Osteonecrosis of the jaw (ONJ) is an adverse drug reaction described as the progressive destruction and death of bone that affects the mandible and maxilla of patients exposed to the treatment with medications known to increase the risk of disease, in the absence of a previous radiation treatment. Tooth extraction often precedes the manifestation of ONJ; indeed, it is sometimes called trigger event and it have also been considered as risk factors for the onset of ONJ. As a consequence, some of the guidelines recommend avoiding tooth extractions in patients at risk of ONJ; however, a growing body of evidence indicates that dental/periodontal infection prior to extraction, rather than dental extraction may represent the main local risk factor for ONJ. Ten patients at risk of ONJ have undergone tooth extractions. They were identified and included in our retrospective monocentric clinical investigation. Patients underwent tooth extractions with standardized procedures (PROMaF protocol), and bone biopsies were taken. Extractions were performed due to symptomatic, non-restorable teeth in patient at risk of ONJ; histological findings of ONJ were observed in all samples. This outcome may highlight that the proof of non‐exposed ONJ might be the histopathologic confirmation of necrotic bone, as stated by European task force on MRONJ. Additionally, alveolar biopsy should possibly be taken in every case of suspected ONJ, which needs an proper and prompt management for successful healing

Mauceri, R., Panzarella, V., Iurato Carbone, M., Oteri, G., Marcianó, A., di fede, o., et al. (2021). Histological findings of osteonecrosis spotted prior to tooth extractions. Should we consider tooth extraction still the main trigger event? [Software] [10.32388/JK459H.2].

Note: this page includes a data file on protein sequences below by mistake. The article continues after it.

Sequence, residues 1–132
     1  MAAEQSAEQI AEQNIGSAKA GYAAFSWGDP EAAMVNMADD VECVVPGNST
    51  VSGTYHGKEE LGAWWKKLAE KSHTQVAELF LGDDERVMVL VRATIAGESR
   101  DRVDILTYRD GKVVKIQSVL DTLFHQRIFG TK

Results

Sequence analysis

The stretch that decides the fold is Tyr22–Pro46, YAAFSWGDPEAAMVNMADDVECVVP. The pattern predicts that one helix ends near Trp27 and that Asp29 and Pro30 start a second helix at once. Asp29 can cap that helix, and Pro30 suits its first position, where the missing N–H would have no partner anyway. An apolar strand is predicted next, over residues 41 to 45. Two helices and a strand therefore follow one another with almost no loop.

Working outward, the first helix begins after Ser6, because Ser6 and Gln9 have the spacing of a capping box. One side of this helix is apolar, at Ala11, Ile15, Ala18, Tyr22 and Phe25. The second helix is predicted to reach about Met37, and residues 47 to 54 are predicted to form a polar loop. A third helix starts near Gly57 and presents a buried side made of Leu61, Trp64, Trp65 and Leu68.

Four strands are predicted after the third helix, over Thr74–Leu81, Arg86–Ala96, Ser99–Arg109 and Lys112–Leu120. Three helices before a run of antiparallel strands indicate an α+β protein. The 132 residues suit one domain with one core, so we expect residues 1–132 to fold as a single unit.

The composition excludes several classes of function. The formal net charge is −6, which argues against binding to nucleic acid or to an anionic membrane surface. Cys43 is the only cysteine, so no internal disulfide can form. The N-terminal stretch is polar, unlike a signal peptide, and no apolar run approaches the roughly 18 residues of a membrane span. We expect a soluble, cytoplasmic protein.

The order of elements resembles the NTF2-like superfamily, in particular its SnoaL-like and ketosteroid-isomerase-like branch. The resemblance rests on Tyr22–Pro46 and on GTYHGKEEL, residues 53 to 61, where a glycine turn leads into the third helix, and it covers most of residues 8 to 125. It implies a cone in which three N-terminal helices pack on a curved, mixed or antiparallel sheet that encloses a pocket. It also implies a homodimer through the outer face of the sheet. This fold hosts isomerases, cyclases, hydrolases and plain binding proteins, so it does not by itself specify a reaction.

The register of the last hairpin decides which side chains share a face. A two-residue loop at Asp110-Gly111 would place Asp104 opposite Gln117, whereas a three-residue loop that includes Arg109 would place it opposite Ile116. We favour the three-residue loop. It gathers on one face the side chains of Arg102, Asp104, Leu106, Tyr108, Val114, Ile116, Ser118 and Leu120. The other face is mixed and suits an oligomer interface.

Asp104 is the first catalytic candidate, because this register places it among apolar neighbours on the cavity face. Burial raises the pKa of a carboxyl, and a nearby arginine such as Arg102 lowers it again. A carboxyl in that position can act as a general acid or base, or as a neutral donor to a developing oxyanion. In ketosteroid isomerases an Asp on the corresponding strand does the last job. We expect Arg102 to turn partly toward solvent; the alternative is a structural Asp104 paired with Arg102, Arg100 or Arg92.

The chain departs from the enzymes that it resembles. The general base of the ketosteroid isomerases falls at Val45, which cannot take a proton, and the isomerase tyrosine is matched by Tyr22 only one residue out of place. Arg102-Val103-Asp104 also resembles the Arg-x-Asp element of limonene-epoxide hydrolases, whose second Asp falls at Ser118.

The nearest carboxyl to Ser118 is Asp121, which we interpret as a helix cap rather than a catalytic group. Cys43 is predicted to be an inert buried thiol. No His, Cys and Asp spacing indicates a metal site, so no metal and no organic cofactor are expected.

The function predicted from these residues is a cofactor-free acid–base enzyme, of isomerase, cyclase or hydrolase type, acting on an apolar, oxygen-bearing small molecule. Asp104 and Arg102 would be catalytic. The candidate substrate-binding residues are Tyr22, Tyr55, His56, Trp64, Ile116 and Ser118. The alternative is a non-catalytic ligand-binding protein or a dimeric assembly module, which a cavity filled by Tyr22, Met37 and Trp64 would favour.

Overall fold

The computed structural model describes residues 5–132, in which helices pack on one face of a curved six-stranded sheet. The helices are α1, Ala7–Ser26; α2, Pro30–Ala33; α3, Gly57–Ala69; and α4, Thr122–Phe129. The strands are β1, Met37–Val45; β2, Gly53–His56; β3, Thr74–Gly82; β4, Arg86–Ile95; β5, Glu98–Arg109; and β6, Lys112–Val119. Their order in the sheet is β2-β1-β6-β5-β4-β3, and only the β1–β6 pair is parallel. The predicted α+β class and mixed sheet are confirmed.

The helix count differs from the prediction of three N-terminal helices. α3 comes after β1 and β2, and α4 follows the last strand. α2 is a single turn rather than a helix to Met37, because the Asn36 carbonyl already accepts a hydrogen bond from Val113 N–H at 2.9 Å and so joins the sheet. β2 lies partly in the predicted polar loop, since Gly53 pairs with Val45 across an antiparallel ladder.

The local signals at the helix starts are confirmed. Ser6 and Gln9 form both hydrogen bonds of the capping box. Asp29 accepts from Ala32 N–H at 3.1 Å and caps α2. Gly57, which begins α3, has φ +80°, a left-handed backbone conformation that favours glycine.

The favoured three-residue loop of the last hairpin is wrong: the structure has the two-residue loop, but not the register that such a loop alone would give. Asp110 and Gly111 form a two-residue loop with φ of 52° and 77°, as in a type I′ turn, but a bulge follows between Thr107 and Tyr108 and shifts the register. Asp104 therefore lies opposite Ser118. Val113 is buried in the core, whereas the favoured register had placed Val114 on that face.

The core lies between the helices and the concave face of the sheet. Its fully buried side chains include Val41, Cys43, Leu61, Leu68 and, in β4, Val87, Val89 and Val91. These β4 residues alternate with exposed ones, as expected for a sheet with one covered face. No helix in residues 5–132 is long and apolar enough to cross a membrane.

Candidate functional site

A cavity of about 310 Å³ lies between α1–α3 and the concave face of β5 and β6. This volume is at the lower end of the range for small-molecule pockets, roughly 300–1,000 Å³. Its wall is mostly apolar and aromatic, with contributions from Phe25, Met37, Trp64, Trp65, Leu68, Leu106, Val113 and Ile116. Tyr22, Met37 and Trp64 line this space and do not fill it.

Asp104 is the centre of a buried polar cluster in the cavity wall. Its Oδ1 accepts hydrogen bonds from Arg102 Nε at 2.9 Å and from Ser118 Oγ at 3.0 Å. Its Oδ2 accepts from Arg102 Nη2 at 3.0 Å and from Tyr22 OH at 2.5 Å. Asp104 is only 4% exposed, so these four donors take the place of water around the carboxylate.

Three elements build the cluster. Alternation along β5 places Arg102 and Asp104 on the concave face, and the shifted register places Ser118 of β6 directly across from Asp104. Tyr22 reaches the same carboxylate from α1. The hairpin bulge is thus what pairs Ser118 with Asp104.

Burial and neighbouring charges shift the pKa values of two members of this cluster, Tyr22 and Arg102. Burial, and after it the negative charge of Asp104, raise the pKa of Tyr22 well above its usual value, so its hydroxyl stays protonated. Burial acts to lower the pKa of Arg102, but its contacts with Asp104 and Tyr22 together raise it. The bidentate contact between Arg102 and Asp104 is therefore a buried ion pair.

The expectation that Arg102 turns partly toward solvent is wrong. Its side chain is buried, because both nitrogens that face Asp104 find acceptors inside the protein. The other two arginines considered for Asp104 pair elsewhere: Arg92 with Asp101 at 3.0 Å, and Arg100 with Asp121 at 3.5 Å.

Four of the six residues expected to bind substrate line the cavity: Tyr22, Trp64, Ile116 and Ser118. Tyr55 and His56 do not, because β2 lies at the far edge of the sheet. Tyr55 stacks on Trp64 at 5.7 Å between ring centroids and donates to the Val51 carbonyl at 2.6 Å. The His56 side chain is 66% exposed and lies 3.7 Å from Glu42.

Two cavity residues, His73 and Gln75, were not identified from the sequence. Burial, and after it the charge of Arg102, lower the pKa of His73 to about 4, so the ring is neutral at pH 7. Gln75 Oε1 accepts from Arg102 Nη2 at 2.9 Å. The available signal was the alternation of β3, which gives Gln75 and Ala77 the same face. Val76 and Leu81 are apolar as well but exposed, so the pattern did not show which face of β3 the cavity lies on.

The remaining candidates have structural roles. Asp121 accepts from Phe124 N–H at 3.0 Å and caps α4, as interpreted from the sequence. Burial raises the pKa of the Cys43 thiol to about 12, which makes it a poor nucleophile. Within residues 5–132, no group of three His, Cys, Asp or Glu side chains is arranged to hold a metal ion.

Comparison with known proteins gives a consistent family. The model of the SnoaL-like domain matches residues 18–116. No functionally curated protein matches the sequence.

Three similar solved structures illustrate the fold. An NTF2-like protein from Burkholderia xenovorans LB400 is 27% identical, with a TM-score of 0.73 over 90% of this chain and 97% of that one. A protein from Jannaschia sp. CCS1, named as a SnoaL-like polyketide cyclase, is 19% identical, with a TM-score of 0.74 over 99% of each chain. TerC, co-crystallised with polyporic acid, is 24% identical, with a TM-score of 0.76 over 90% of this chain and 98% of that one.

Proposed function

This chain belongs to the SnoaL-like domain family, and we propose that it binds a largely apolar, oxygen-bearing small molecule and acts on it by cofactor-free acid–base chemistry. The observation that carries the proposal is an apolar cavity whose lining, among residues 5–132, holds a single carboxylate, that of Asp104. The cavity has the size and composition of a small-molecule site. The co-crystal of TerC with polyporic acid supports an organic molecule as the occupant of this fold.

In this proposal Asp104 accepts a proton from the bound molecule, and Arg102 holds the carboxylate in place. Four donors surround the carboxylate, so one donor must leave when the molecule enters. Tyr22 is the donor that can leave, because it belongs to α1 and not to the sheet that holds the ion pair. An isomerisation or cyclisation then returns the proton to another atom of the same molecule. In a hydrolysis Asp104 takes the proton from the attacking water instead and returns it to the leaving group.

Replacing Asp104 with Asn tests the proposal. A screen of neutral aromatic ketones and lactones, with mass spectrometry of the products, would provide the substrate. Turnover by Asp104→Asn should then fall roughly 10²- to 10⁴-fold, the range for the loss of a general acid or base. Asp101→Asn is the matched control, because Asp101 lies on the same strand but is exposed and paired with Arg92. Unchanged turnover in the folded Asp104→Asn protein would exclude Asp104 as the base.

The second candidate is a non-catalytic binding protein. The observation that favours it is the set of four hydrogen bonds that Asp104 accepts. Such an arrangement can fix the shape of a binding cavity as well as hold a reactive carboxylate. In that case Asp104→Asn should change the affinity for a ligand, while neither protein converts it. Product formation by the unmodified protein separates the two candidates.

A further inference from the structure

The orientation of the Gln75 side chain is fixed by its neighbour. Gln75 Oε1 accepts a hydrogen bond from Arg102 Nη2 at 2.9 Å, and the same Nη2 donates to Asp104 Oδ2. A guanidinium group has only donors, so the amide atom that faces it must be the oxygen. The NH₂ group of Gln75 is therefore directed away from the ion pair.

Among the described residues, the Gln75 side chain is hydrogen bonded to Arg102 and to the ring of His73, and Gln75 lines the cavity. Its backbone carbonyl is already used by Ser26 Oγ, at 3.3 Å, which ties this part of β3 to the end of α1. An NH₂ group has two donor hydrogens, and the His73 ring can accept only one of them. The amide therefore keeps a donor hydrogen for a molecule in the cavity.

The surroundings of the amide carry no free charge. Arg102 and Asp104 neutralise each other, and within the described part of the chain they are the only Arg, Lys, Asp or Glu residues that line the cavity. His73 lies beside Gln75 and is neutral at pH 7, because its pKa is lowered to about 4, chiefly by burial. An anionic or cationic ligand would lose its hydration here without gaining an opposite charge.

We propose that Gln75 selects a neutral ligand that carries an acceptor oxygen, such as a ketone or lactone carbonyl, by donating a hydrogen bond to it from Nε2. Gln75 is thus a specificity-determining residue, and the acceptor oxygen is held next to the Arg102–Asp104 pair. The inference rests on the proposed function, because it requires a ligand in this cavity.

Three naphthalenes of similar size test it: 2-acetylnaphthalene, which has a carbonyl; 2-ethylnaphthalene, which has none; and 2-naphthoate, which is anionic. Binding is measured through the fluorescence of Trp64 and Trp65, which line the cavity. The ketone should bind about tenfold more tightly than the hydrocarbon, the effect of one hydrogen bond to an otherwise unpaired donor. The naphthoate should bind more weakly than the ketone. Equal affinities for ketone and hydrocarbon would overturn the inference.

Histological findings of osteonecrosis spotted prior to tooth extractions. Should we consider tooth extraction still the main trigger event?

Mauceri, Rodolfo;Panzarella, Vera;Iurato Carbone, Martina;di fede, olga;RODOLICO, VITO;Campisi, Giuseppina
2021-04-01

Abstract

Osteonecrosis of the jaw (ONJ) is an adverse drug reaction described as the progressive destruction and death of bone that affects the mandible and maxilla of patients exposed to the treatment with medications known to increase the risk of disease, in the absence of a previous radiation treatment. Tooth extraction often precedes the manifestation of ONJ; indeed, it is sometimes called trigger event and it have also been considered as risk factors for the onset of ONJ. As a consequence, some of the guidelines recommend avoiding tooth extractions in patients at risk of ONJ; however, a growing body of evidence indicates that dental/periodontal infection prior to extraction, rather than dental extraction may represent the main local risk factor for ONJ. Ten patients at risk of ONJ have undergone tooth extractions. They were identified and included in our retrospective monocentric clinical investigation. Patients underwent tooth extractions with standardized procedures (PROMaF protocol), and bone biopsies were taken. Extractions were performed due to symptomatic, non-restorable teeth in patient at risk of ONJ; histological findings of ONJ were observed in all samples. This outcome may highlight that the proof of non‐exposed ONJ might be the histopathologic confirmation of necrotic bone, as stated by European task force on MRONJ. Additionally, alveolar biopsy should possibly be taken in every case of suspected ONJ, which needs an proper and prompt management for successful healing
Mauceri, R., Panzarella, V., Iurato Carbone, M., Oteri, G., Marcianó, A., di fede, o., et al. (2021). Histological findings of osteonecrosis spotted prior to tooth extractions. Should we consider tooth extraction still the main trigger event? [Software] [10.32388/JK459H.2].
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Utilizza questo identificativo per citare o creare un link a questo documento: https://hdl.handle.net/10447/512480
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